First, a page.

18+

Sun 27 May

£8.80

Theatre

£8 £1 booking fee

Funeral Parade of Roses

  • 1969
Sat 26 May
Cinema

£4.40 £1 booking fee (£2.50)

Jerron 'Blind Boy' Paxton

Jerron 'Blind Box' Paxton is a blues prodigy and multi-instrumentalist from Los Angeles.

Sat 26 May

£19.25

Theatre

£17.50 £1 booking fee

Make Short-films Great Again | Kimuak | The Basque Case

From Regional Cinemas to International Audiences. How did the Basques make it?

This open doors session is aimed at Scottish filmmakers, professionals and individuals involved in the short film industry in Scotland.

As part of our celebration of Kimuak's 20 years supporting Short Films we present the interesting case of the Basque Country, a regional film industry that has carefully promoted the short film side of its cinema.

Some of Kimuak's most iconic Shortfilms will be screeened Wednesday 30th May and Thursday 31st May at CCA Glasgow Cinema.

THE BASQUE CASE

The case of Basque Country is one that deserves study. A case of true respect and public support for local filmmakers at its very first stages. Back in the 90s using the experience of UniFrance, the Basque Government decided to incorporate the production and distribution of short films as a core area of support and national interest. Since 1998, the public funded agency Kimuak selects and distributes internationally the best shorts from Basque short-filmmakers.

Twenty years later they have been invited to present the case all over the world, praised and used as a model for many. How do you make short films from a small region visible world wide? How does the model work? What perks do the filmmakers get? What are the differences between being distributed by Kimuak and doing it independently or through other distribution company?

Txema Munoz, director of the program Kimuak and one of the most well respected professionals in the promotion of short films in Europe visits Scotland to contextualise the setup of Kimuak and disseminate the key aspects of their distribution model.

To understand “the Kimuak case” we pay a well deserved homage, including this open doors session for the interest of Scottish filmmakers, professionals and other film organisations in Scotland.

The importance of an initiative like Kimuak goes beyond the mere work of selecting the best Basque short films of the year. School for film directors. A way station towards feature films. A genre by itself, to which even successful directors return.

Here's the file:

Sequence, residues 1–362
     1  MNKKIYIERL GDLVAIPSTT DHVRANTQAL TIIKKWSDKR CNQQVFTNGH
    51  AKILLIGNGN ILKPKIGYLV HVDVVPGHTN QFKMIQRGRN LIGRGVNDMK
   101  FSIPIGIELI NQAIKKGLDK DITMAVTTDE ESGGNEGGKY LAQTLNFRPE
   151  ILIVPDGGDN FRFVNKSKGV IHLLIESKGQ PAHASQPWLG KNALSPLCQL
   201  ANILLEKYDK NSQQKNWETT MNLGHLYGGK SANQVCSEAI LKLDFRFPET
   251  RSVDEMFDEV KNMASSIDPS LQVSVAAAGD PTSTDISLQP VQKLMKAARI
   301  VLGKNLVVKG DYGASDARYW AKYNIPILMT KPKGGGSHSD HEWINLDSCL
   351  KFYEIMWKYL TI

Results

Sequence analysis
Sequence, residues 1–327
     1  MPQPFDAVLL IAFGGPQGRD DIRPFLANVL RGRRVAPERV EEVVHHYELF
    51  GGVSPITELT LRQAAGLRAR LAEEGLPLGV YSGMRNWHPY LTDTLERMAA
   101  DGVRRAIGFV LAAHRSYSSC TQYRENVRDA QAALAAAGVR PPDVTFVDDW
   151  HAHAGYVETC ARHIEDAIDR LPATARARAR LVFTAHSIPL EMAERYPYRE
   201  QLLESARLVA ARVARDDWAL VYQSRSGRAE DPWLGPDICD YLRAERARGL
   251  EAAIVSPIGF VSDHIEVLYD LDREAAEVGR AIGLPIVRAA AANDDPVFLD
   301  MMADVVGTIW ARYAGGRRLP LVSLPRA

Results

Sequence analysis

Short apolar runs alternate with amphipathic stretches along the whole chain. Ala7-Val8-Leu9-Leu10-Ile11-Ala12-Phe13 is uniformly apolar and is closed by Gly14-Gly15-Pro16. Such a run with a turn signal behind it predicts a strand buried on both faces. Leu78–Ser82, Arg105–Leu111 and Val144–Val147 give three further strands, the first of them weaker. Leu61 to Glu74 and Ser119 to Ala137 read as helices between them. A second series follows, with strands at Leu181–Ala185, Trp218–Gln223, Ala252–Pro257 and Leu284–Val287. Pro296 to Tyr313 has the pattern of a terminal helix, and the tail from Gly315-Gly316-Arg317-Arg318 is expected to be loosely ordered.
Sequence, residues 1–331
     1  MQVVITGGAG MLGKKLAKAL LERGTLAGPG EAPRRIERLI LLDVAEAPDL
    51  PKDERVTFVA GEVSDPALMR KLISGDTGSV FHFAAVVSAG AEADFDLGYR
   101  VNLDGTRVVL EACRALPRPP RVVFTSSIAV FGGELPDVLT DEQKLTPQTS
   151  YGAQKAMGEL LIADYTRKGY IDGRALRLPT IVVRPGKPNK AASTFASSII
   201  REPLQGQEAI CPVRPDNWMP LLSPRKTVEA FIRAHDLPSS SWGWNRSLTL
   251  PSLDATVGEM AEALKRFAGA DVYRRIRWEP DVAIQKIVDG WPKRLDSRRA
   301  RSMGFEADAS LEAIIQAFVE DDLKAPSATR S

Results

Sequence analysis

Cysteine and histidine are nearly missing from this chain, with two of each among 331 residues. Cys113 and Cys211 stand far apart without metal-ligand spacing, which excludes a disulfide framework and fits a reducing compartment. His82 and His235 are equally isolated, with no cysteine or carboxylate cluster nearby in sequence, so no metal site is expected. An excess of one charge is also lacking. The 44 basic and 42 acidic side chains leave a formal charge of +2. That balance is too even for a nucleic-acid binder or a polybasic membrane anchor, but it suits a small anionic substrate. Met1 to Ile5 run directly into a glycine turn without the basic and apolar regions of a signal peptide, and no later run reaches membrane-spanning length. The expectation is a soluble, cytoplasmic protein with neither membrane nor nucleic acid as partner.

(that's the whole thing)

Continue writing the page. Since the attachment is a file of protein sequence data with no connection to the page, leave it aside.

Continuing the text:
The established formula works, proof of this are the regional and other countries' programs that have emerged from the Kimuak model.

What is the origin of the Kimuak initiative? The idea of ​​Kimuak was born at the end of the 90s, at a time when the industry of the short film was professionalized and several authors and titles emerged that later would be of reference. In that decade, the Basque Government granted subsidies to the production of short films, and between 1990 and 1995 it also began to co-produce them, through the company Euskalmedia. In 1997, Amaia Rodríguez, director of creation and cultural dissemination of the Basque Government, and José Luis Rebordinos, director, then, of the Film Unit of Donostia Kultura, saw the need to accompany the short films also in the distribution, since a Once the work was finished, the authors did not have the means to disseminate it. Thus, based on the experiences of Unifrance and the New Zealand Film Commission proposed by José Luis Rebordinos, the Kimuak program was born in 1998, with the aim of promoting, disseminating and distributing the Basque short film both internationally and in the territory itself.

What doors open for those who get their work recognized in the catalog? Being part of the catalog means that authors can show their work in all corners of the world and can be known in the international industry. Kimuak has a database of more than a thousand festivals and its selection reaches the entire planet, which gives the authors a lot of visibility. In addition, when they travel to present the short films they also expand their network of contacts. On the other hand, the significant savings of time and money in the distribution allows filmmakers and teams to focus on their upcoming work.

To find more about the Kimuak programme check this interview by Zineuskadi : http://www.zineuskadi.eu/noticias/ver.php?id=en&no=561&desde=0

Some of Kimuak's most iconic Shortfilms will be screeened Wednesday 30th May and Thursday 31st May at CCA Glasgow.

Wed 30 May
Clubroom

Free but ticketed

The Naked Civil Servant

The life and times of Quentin Crisp (John Hurt) based on his memoir.

Sat 26 May
Cinema

£4.40 £1 booking fee (£2.50)

Paragon Music Mindful Drumming

Join Paragon musicians for an afternoon of Mindful Drumming - a regular inclusive music session for adults focused on mental health and wellbeing. Enjoy tapping into your natural rhythms in a creative and supportive environment whilst socialising and meeting new friends.